This year was filled with some highs but mostly lows. The highs were the birth of my second grandson and attending a Duran Duran concert. And getting one of those “good” government jobs that Black folks aspired to for decades. But it was a rough year for me again because I lost more people I loved and other folks I know lost people that they loved too. Grief is a motherfucker.
Since October, I’ve lost a cousin and five friends. My social media friends have lost family and friends. It’s been a season of tears for so many of us and it seems like we are drowning in sorrow.
This aspect of aging is something I wasn’t ready for. As a child, you worry about losing your parents but you never think about losing your siblings, cousins, and friends. Childishly, you think that you and your crew are going to grow up and old together but that’s not true and it’s a bitter pill to swallow.
I’ve cried so many tears in the past three years and just when I think my tear tank has officially dried up, I lose someone else and the tears start flowing again. I’m so tired of losing people I love.
Two weeks ago, a very special lady crossed over into eternity and her name was Rosemary. She was my first cousin and she was loved by many. As a child, she was the most glamorous woman in the world to me and she brought excitement with her presence whenever she showed up.
She was this blazing comet who came to earth to fill us with joy and laughter, brimming over with passion and fire. Now her job is done and while here, she lived her life with gusto and pizazz. It’s going to take a long, long time for me to deal with the reality that she is no longer amongst us in the human form but some people are unique like that, their essence so powerful yet at the same time, so fragile. Those who loved her should be grateful that we had her at all. Rest In Power Rosemary. You was the big sister I never had and I will always love you.
I’ve been owned by a fat, black cat named Diddy for 13 years and I love him very much but I’m saddened by the fact that he’s getting older. Because that means he won’t be a part of my life anymore and it hurts acknowledging that. I wished that our fur babies had the longevity of us humans but that’s not the way Mother Nature created the world. So I’m going to enjoy my time with him and love him. My old man🐈⬛🐈⬛🐈⬛🐈⬛
I would like to wish everyone a Merry Christmas to everyone but in particular to everyone who has suffered the loss of loved one this year or previously. The holidays are rough for those who are grieving and it’s hard pretending to be happy when you’re not.
While on Facebook, my memory feed popped up and I saw a picture of my brother Larry who died last year. The picture was taken seven years ago and he looked so happy and I was so happy to see him. We ate good, drank good, and had a marvelous time commiserating with my children. And now he’s gone and all I have left is memories and it’s so hard for me to believe that he’s gone.
There are many like me who are experiencing this sense of loss, loneliness and confusion during what is supposed to be the most wonderful time of the year. So get some rest and chill out my fellow grievers. Don’t let anyone work your nerves. Brighter days are coming.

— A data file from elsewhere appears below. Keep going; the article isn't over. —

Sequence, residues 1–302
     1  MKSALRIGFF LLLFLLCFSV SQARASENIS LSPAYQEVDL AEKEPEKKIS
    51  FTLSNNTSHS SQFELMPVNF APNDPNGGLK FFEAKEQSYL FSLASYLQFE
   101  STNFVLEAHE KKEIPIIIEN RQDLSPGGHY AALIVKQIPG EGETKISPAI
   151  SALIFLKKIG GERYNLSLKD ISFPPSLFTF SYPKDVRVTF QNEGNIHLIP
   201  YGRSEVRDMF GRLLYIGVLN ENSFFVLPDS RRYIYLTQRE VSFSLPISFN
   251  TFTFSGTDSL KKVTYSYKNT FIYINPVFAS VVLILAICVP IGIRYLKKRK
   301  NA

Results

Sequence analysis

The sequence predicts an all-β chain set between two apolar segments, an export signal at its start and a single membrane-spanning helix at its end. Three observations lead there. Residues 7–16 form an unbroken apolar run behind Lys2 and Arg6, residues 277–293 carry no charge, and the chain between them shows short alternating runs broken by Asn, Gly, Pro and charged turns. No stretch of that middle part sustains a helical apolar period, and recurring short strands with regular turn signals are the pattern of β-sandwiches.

I’m sure that any folks who come across my blog and read my work is probably thinking “Man she morbid as hell!” And I don’t mean to be but so much has happened to me in such a short time. Loss of loved ones, health issues, all kinds of shit. But someway, somehow, I manage to persevere. The way I go about it might be puzzling to some but it makes perfect sense to me.
American culture shames people for having emotions outside of being constantly happy all the time. Even through times of immense grief, people are expected to put on their best faces and pretend that they aren’t hurting in order to not offend anyone. How selfish and inane is that mentality. How cruel and heartless. And utterly American.
So as I dwell in the valley of the emotion called grief, I’ve decided that the best way to deal with it is facing it squarely in the face. I look at pictures of my lost ones, laughing on some days and on other days crying. But I have to see their faces so I refuse to stop.
I’ve started a collection of pictures on my Facebook page called “Blackness Personified” and it’s filled with pictures of Black people from various decades. Some of the pictures are of celebrities and some of the pictures of regular Black folks. I chose those pictures because they reminded me of simpler times, when I was a little girl and my family was still alive.
I reread books that I read when I was a much younger woman and marvel at how much I’ve grown as an individual. Certain passages in those books I didn’t get in 1989 I understand totally now in 2021.
I talk to my ancestors too. I’m not a religious person. I’m downright heathenish for the most part but I do believe in the power of the ancestors and that they watch over us from wherever they happen to be.
I talk about them constantly because I have to keep them alive, if not in body but spirit because if I don’t, they will truly be dead and I cannot face that. It’s enough that I will never be able to see them again in the physical but to pretend that they never existed just because they died is beyond cruel: it’s sick.
So I will continue to tell their stories. Like the time my mother and I beat up my older brother because he was drunk and ignorant and we had to let him know the true power of Black Girl Magic by whupping on that ass. My memories is all I have left of them and I will continue to tell their stories. And when I become an ancestor, my children will do the same for me. Or I will haunt their asses.